Qm from when we base58 encode the whole thing. So then you might ask, why base58 encode the whole thing? Well, because similar-looking letters are omitted: 0 (zero), O (capital o), I (capital i) and l (lower case L), and non-alphanumeric characters + (plus) and / (slash) are dropped, making it slightly more human readable. And all of this because we want a future-proof system that allows for multiple different fingerprinting mechanisms to coexist. So if that awesome new hashing function does get invented, we’ll simple change the first few bytes of the multihash, and voila… IPFS hashes no longer start with
Qm… but because we are using multihashes, the old ones will still work, along with the new ones… cool!
Merkle DAG ➞ IPLD
Ok, so I’ve got my file, I’ve hashed and encoded it. But that’s not really the whole story. What is actually happening is something more like this…
The content is chunked up into smaller parts (about 256k each), each part is hashed, a CID is created for each chunk, and then these chunks are combined into a hierarchical data structure, for which a single, base CID is computed.
This data structure is essentially something called a Merkle DAG, or directed acyclic graph.
Here’s an awesome video of Juan Benet of protocol labs explaining how IPFS uses Merkle DAGs as their core data structure… for what is called the Interplanetary Linked Data (or IPLD) structure:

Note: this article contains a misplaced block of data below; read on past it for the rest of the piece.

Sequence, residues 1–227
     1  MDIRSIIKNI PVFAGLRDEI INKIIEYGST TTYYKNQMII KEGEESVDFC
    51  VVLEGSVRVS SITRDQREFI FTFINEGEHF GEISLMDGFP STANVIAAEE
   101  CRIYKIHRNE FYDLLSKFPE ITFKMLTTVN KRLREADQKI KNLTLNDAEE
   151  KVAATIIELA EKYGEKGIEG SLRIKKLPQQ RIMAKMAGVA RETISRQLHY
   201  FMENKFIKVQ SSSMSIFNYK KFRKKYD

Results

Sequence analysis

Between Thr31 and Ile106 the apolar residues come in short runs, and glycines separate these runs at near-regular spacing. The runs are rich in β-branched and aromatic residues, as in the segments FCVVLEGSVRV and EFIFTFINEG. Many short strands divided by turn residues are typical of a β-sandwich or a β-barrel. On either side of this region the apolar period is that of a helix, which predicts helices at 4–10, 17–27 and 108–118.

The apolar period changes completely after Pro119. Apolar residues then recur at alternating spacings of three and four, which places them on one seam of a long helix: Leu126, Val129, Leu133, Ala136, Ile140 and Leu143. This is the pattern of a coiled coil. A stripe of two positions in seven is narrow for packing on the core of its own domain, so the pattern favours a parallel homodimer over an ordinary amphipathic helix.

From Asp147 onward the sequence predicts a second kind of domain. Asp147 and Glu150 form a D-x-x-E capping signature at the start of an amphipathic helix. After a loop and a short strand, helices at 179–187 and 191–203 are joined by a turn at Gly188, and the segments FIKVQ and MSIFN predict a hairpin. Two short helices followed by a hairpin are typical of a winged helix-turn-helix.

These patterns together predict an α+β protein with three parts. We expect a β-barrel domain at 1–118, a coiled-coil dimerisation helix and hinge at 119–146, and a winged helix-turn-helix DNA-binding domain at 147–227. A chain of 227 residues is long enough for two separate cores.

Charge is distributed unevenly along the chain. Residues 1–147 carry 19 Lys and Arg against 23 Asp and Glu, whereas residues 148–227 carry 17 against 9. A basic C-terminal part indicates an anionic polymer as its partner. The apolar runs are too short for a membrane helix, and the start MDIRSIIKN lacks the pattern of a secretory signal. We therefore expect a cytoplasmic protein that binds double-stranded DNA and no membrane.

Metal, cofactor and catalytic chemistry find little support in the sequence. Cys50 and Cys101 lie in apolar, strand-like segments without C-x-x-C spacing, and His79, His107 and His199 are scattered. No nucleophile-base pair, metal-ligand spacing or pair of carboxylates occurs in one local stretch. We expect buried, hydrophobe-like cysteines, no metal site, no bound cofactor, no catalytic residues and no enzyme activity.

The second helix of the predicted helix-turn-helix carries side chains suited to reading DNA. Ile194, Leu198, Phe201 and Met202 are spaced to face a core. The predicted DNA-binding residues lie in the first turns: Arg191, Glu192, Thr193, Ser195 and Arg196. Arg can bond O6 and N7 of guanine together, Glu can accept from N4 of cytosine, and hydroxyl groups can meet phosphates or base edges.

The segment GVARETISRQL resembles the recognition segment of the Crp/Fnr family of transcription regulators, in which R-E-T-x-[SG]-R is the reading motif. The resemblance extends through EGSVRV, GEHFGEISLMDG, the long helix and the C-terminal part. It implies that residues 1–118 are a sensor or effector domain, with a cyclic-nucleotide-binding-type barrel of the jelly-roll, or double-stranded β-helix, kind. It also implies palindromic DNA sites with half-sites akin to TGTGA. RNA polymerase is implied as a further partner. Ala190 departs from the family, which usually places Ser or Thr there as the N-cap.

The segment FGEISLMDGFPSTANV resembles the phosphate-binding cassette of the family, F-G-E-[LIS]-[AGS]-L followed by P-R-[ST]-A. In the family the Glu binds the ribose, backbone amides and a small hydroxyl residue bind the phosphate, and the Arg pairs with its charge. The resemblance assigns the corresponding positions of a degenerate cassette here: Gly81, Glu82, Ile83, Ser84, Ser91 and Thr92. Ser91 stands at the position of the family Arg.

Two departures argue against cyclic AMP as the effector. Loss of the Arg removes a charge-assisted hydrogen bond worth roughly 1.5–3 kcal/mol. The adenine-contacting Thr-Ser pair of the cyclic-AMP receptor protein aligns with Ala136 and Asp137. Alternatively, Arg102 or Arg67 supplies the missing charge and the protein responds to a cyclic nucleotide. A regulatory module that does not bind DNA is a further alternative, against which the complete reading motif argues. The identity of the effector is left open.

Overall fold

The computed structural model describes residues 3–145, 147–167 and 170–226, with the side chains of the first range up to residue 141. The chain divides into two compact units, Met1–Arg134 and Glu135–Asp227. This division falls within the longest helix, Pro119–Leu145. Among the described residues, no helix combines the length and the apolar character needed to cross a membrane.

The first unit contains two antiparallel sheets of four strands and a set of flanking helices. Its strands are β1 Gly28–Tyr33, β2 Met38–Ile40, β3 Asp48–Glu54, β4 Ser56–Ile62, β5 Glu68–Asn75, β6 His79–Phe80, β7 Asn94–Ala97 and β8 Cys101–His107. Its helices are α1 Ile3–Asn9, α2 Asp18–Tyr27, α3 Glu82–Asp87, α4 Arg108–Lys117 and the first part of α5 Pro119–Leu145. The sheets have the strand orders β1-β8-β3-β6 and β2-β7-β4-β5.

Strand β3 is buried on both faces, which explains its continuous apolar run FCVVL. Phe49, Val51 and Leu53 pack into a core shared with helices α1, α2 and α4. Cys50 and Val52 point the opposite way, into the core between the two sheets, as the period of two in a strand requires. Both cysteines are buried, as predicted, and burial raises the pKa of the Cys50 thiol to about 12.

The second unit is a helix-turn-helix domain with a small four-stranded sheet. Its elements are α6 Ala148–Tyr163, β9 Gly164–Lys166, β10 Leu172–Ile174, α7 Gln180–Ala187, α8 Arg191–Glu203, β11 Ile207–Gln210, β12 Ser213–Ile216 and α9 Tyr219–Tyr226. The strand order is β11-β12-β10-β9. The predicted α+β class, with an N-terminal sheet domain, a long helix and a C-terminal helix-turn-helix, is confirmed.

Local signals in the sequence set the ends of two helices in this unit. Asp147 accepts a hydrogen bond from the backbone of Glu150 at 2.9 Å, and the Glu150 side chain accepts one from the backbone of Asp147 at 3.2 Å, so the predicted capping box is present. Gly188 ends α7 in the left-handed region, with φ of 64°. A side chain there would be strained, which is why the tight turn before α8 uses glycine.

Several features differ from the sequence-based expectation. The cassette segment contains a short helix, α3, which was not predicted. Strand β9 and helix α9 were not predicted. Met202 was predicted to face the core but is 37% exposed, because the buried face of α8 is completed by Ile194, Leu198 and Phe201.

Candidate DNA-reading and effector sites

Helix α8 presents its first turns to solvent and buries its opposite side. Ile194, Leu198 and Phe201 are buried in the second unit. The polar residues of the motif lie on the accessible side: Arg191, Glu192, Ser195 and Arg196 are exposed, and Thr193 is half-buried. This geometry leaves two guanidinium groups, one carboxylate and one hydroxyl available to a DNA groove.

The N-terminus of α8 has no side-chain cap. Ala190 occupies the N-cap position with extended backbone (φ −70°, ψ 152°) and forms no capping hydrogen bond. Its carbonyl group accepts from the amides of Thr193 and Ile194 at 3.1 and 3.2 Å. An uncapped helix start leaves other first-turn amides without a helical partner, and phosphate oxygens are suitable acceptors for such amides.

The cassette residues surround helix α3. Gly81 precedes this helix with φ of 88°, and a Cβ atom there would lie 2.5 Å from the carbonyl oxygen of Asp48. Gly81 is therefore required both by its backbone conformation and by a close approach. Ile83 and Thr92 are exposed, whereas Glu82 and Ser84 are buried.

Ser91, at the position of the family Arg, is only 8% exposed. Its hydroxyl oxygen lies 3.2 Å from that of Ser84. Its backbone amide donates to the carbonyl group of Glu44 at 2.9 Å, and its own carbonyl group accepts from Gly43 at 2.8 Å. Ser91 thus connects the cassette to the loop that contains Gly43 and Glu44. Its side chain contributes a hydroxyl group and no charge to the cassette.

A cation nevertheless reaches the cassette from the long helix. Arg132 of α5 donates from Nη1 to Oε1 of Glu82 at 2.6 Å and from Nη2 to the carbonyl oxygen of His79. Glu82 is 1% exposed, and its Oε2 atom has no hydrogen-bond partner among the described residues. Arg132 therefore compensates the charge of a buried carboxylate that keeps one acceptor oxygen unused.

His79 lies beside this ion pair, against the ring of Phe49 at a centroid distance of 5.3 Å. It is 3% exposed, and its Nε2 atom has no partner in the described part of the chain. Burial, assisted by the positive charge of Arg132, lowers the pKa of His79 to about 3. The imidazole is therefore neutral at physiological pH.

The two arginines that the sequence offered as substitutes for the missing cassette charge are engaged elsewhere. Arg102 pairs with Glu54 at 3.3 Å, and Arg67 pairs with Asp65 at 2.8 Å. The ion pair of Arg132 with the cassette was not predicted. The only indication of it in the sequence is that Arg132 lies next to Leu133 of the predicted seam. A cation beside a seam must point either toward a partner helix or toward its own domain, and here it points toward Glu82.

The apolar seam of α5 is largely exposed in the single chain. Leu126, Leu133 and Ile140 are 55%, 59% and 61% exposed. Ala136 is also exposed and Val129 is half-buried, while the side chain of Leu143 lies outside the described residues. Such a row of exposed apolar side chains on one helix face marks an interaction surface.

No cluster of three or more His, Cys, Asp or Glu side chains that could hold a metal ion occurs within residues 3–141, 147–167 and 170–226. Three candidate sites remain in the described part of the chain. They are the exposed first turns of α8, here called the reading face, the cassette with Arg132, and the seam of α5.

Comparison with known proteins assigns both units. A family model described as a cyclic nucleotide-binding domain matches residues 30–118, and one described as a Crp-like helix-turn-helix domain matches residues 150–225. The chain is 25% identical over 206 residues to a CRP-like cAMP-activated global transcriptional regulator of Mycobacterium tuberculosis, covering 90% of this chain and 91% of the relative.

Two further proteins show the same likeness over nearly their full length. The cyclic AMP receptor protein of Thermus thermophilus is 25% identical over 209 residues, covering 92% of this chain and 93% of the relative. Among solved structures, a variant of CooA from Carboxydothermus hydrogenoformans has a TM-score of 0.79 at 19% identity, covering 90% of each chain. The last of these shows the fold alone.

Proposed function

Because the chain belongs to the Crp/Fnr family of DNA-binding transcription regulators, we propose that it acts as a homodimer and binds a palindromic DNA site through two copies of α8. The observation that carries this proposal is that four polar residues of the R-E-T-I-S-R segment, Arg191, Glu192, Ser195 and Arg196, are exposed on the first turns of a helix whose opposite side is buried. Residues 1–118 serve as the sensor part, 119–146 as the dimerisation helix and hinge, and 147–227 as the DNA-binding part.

Linked data is actually something that folks in the decentralized web community have been talking about for quite some time. It’s something Tim Berners-Lee has been working on for ages, and his new company, Solid, is building a business around it.
Essentially what we are talking about, is a structure that models everything as a series of linked objects. In the IPLD world, we have objects, each with
Links fields (where
Data can be a small blob of unstructured, arbitrary binary data, and
Links is an array of
Link structures, which are simply links to other IPFS objects). Speaking of which,
Links each have a
Hash (or CID) of the linked object, and a
Size, which represents the size of the linked object. This last bit of info is really just so we can estimate object/file sizes without having to pre-fetch too much data, but it’s extremely useful to have.
Data— blob of unstructured binary data of size < 256 kB.
Links— array of Link structures. These are links to other IPFS objects.
A Link structure has three data fields
Name— name of the Link
Hash— hash of the linked IPFS object
Size— cumulative size of linked IPFS object, including following its links
Learning by doing
We can actually explore IPLD objects using the IPFS command line tools. So first, make sure you have IPFS installed and are comfortable with playing around with the command line. If you need an introductory tutorial, check out Session 1 of our Textile Build Series. Once you’re ready, we’ll take a quick look at the object structure for a different cat image (uses handy dandy jq tool). Start with the following command, which pipes (